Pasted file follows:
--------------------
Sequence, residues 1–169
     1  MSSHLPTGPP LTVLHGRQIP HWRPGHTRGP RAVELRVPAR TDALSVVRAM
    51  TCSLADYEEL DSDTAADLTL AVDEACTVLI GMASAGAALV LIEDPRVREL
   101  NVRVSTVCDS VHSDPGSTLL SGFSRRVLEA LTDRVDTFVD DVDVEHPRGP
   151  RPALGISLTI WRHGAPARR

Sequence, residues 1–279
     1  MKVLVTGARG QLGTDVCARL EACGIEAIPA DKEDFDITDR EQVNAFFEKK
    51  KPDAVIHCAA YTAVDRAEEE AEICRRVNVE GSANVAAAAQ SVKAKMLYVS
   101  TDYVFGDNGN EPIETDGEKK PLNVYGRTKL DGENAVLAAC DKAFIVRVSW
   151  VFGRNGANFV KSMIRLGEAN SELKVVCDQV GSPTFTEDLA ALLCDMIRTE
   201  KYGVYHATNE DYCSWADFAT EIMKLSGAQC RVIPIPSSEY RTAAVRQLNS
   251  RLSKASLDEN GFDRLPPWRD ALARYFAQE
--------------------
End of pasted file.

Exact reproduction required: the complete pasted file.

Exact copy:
Sequence, residues 1–169
     1  MSSHLPTGPP LTVLHGRQIP HWRPGHTRGP RAVELRVPAR TDALSVVRAM
    51  TCSLADYEEL DSDTAADLTL AVDEACTVLI GMASAGAALV LIEDPRVREL
   101  NVRVSTVCDS VHSDPGSTLL SGFSRRVLEA LTDRVDTFVD DVDVEHPRGP
   151  RPALGISLTI WRHGAPARR

Sequence, residues 1–279
     1  MKVLVTGARG QLGTDVCARL EACGIEAIPA DKEDFDITDR EQVNAFFEKK
    51  KPDAVIHCAA YTAVDRAEEE AEICRRVNVE GSANVAAAAQ SVKAKMLYVS
   101  TDYVFGDNGN EPIETDGEKK PLNVYGRTKL DGENAVLAAC DKAFIVRVSW
   151  VFGRNGANFV KSMIRLGEAN SELKVVCDQV GSPTFTEDLA ALLCDMIRTE
   201  KYGVYHATNE DYCSWADFAT EIMKLSGAQC RVIPIPSSEY RTAAVRQLNS
   251  RLSKASLDEN GFDRLPPWRD ALARYFAQE